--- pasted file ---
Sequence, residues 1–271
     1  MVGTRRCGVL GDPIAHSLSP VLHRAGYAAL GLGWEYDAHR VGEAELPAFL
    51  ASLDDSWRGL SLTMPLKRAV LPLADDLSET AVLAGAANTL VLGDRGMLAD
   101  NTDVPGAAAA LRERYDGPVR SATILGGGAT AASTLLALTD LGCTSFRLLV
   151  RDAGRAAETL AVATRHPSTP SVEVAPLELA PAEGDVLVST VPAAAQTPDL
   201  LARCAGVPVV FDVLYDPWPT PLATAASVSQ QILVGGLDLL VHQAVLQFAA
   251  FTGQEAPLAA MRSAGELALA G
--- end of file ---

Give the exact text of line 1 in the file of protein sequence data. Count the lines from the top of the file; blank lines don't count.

Sequence, residues 1–271